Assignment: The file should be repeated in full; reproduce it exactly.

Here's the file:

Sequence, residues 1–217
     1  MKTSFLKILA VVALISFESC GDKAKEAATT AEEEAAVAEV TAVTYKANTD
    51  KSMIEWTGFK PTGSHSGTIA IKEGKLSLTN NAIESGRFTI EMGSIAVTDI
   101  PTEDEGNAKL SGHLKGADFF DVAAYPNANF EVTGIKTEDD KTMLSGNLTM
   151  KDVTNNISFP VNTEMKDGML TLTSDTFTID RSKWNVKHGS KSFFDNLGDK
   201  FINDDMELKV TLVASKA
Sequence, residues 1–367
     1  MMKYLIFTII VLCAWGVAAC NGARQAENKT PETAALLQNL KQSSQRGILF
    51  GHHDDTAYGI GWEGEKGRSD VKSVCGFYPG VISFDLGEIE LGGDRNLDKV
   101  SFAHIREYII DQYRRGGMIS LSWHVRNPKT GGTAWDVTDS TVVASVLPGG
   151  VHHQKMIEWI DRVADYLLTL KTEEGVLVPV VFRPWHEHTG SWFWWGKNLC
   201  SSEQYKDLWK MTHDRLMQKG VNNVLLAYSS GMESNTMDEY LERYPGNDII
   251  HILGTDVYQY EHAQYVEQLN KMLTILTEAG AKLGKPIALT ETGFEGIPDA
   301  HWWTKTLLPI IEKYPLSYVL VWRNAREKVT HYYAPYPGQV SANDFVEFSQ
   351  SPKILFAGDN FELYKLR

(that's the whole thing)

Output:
Sequence, residues 1–217
     1  MKTSFLKILA VVALISFESC GDKAKEAATT AEEEAAVAEV TAVTYKANTD
    51  KSMIEWTGFK PTGSHSGTIA IKEGKLSLTN NAIESGRFTI EMGSIAVTDI
   101  PTEDEGNAKL SGHLKGADFF DVAAYPNANF EVTGIKTEDD KTMLSGNLTM
   151  KDVTNNISFP VNTEMKDGML TLTSDTFTID RSKWNVKHGS KSFFDNLGDK
   201  FINDDMELKV TLVASKA
Sequence, residues 1–367
     1  MMKYLIFTII VLCAWGVAAC NGARQAENKT PETAALLQNL KQSSQRGILF
    51  GHHDDTAYGI GWEGEKGRSD VKSVCGFYPG VISFDLGEIE LGGDRNLDKV
   101  SFAHIREYII DQYRRGGMIS LSWHVRNPKT GGTAWDVTDS TVVASVLPGG
   151  VHHQKMIEWI DRVADYLLTL KTEEGVLVPV VFRPWHEHTG SWFWWGKNLC
   201  SSEQYKDLWK MTHDRLMQKG VNNVLLAYSS GMESNTMDEY LERYPGNDII
   251  HILGTDVYQY EHAQYVEQLN KMLTILTEAG AKLGKPIALT ETGFEGIPDA
   301  HWWTKTLLPI IEKYPLSYVL VWRNAREKVT HYYAPYPGQV SANDFVEFSQ
   351  SPKILFAGDN FELYKLR